Eleven porters were executed in a remote area, and news of the act quickly spread. “Dead men tell no tales, but they leave an awful smell” became a common American saying after the Samar killings, Linn said. Waller was later acquitted in a court-martial.
But the episode points to an example of what happens when news of deliberate killings spreads, Linn said, and if Pershing had committed a theatrical massacre, a similar result would have been likely.
Rise of the Pershing myth
Linn began to encounter the Pershing pig-blood-bullet story after Sept. 11, 2001, when Internet users searched for religious-themed military operations in the wake of the terrorist attacks in the United States.
“It seemed to me to be coming from sources that were strongly anti-Muslim, not military historians or scholars,” Linn said.
Concerned faculty at the U.S. Military Academy asked him to disprove the story of arguably one of its most storied graduates. Pershing would later head the American Expeditionary Forces in World War I as Commander of the Armies, a rank held by only two generals in U.S. history — Pershing and George Washington, who was posthumously awarded the rank in 1976.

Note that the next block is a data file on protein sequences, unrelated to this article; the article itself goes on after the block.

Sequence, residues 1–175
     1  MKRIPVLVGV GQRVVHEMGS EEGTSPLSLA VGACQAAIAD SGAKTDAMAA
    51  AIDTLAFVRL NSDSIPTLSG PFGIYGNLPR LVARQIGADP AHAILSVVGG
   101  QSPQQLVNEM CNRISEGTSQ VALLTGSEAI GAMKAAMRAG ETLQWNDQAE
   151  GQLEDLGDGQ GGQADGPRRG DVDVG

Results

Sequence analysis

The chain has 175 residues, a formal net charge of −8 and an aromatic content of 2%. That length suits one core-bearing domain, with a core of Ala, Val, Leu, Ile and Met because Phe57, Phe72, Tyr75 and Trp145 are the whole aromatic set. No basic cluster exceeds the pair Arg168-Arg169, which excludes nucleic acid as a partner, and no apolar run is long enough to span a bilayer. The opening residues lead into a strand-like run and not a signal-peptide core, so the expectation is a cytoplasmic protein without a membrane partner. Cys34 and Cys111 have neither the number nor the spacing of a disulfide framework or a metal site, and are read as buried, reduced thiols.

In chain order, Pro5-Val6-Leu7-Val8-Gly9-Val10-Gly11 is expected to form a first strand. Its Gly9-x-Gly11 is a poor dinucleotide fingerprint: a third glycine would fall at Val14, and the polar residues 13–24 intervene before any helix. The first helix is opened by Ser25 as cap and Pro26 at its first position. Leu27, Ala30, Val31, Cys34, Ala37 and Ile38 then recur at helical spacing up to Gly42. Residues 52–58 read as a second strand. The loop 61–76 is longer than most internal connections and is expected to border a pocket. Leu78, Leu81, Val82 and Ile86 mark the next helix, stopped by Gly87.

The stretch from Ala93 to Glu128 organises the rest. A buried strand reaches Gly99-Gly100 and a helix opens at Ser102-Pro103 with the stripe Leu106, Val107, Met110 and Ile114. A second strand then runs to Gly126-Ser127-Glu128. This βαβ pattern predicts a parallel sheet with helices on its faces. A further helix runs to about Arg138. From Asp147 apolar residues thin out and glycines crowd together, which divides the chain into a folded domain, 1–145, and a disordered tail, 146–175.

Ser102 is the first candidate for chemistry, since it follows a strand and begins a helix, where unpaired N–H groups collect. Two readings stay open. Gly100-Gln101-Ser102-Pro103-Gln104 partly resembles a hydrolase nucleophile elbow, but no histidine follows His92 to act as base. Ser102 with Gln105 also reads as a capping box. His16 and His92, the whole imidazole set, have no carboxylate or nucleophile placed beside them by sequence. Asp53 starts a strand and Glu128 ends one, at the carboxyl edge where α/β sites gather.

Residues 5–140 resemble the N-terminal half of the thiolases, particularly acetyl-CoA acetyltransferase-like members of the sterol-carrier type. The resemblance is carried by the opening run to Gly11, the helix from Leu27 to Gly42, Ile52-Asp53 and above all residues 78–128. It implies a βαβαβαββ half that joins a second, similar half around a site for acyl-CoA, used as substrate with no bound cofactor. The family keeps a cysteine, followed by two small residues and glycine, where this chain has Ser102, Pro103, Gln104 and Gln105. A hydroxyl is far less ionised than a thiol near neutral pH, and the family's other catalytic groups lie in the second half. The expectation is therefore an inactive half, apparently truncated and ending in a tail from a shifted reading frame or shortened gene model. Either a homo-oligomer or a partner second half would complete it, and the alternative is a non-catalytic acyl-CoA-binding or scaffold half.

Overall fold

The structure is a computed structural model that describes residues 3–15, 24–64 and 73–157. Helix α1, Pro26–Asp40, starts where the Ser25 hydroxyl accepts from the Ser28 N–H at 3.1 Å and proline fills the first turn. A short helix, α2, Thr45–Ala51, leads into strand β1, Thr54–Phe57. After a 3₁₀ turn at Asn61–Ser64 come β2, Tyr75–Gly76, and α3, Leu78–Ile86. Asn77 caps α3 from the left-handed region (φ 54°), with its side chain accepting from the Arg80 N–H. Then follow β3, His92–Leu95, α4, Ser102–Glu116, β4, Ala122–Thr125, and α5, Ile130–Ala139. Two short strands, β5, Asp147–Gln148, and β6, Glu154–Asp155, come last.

Linn, along with Frank Vandiver, fellow Texas A&M professor and Pershing’s biographer, told the Military Academy that no evidence existed to back up the story.
Still, the myth persists with another twist — burying insurgents with dead pigs. In Pershing’s memoir, “My Life Before the World War, 1860-1917,” he said a fellow officer, Col. Frank West, told him at least one Muslim fighter was “publicly buried in the same grave with a dead pig.”